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How Are Behavioral Theories Used in Interventions to Promote Physical Activity in Rheumatoid Arthritis?: A Systematic Review
Uppsala University, Disciplinary Domain of Medicine and Pharmacy, Faculty of Medicine, Department of Public Health and Caring Sciences, Lifestyle and rehabilitation in long term illness. Karolinska Inst, Stockholm, Sweden..
Karolinska Inst, Stockholm, Sweden.;Northeastern Univ, Boston, MA 02115, Sweden.;Harvard Med Sch, Boston, MA, Sweden..
2018 (English)In: Arthritis care & research, ISSN 2151-464X, E-ISSN 2151-4658, Vol. 70, no 2, p. 185-196Article, review/survey (Refereed) Published
Abstract [en]

ObjectiveTo identify the use of behavioral theories in physical activity interventions in populations with rheumatoid arthritis (RA). MethodsThis review includes articles published in English between January 1, 1980 and November 8, 2015 in MEDLINE, Cochrane, and CINAHL, identified by a strategic literature search. Included studies were published in international peer-reviewed journals, mentioned theory, evaluated a physical activity intervention for adults with RA, and had 1 physical activity variable as the outcome. References and reviews were also checked. Two investigators independently selected articles and extracted data using a validated scale, the theory coding scheme. Additional extracted data included author, sample characteristics, study design, physical activity outcomes, intervention type and duration, and control group. ResultsA total of 245 articles were identified, 211 articles and references were screened, and 29 articles were reviewed. Of these, 18 were excluded, leaving 11 articles with 1,472 participants (75% women). Ten studies (91%) were randomized controlled trials, 8 (73%) assessed physical activity plus self-management, and 3 (27%) physical activity only. Program durations ranged from 5 weeks to 1 year. Eight studies (73%) used a single theory, 7 studies (64%) linked at least 1 intervention technique to theory, 2 studies (18%) analyzed mediating effects of theoretical constructs, and 5 studies (45%) discussed results in relation to theory. ConclusionFindings indicate that physical activity intervention studies claiming the use of behavioral theories use theory to a small extent. We suggest expanding theory use in design, evaluation, and interpretation of physical activity intervention results. Further, we recommend that future studies evaluate the most salient behavioral theories, interventions components, and delivery modes in RA populations.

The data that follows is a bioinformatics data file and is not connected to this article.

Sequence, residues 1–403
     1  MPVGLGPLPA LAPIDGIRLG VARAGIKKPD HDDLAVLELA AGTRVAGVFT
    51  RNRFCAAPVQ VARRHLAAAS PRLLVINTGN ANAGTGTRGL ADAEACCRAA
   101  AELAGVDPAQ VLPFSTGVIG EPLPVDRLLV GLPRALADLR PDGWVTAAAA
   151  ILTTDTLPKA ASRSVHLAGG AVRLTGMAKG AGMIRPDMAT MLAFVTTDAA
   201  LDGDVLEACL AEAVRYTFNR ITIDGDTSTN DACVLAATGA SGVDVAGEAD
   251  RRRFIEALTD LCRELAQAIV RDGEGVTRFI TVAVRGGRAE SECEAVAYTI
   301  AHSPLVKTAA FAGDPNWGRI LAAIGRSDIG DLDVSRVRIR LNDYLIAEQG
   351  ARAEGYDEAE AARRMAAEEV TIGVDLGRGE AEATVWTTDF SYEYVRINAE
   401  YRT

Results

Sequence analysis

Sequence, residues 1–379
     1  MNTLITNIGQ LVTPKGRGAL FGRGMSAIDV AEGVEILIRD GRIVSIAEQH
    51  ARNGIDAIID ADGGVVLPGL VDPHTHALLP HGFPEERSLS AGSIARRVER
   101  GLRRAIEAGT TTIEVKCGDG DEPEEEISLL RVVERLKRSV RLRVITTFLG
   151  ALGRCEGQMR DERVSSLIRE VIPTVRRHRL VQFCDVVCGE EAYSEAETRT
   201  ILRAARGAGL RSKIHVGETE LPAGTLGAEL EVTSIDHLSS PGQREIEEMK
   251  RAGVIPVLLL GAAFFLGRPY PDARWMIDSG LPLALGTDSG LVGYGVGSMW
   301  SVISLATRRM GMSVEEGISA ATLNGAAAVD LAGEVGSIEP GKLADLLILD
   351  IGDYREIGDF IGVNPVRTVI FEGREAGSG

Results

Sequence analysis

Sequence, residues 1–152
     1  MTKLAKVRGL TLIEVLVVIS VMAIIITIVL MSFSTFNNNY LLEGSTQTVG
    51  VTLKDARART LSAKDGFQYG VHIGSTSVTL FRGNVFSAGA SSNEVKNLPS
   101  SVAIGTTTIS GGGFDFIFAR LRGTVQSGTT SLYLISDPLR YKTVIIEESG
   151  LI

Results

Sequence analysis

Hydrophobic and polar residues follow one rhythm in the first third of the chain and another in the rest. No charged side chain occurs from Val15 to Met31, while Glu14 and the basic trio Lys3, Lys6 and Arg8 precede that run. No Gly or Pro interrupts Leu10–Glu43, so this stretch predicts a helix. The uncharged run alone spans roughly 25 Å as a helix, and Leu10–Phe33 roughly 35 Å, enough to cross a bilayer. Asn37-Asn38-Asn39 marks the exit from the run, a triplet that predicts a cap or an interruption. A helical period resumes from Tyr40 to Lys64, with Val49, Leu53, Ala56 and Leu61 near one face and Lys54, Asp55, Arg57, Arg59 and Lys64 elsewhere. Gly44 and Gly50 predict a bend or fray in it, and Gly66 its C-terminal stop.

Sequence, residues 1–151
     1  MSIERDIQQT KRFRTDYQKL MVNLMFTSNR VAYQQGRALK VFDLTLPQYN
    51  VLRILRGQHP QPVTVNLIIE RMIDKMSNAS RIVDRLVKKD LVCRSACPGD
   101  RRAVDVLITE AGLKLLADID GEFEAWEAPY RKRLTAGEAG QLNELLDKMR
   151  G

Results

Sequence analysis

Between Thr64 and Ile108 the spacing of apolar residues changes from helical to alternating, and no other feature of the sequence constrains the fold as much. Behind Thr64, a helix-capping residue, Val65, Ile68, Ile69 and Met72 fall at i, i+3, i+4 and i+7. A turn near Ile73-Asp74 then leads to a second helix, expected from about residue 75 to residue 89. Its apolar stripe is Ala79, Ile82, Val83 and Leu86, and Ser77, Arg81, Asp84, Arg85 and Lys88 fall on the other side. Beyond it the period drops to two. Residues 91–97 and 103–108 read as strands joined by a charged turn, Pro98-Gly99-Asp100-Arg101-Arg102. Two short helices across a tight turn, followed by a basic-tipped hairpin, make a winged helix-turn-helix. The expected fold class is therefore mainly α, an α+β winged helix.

Place, publisher, year, edition, pages
John Wiley & Sons, 2018. Vol. 70, no 2, p. 185-196
National Category
Rheumatology and Autoimmunity
Identifiers
URN: urn:nbn:se:uu:diva-350108DOI: 10.1002/acr.23265ISI: 000423517400003PubMedID: 28437600OAI: oai:DiVA.org:uu-350108DiVA, id: diva2:1204300
Available from: 2018-05-07 Created: 2018-05-07 Last updated: 2018-05-07Bibliographically approved

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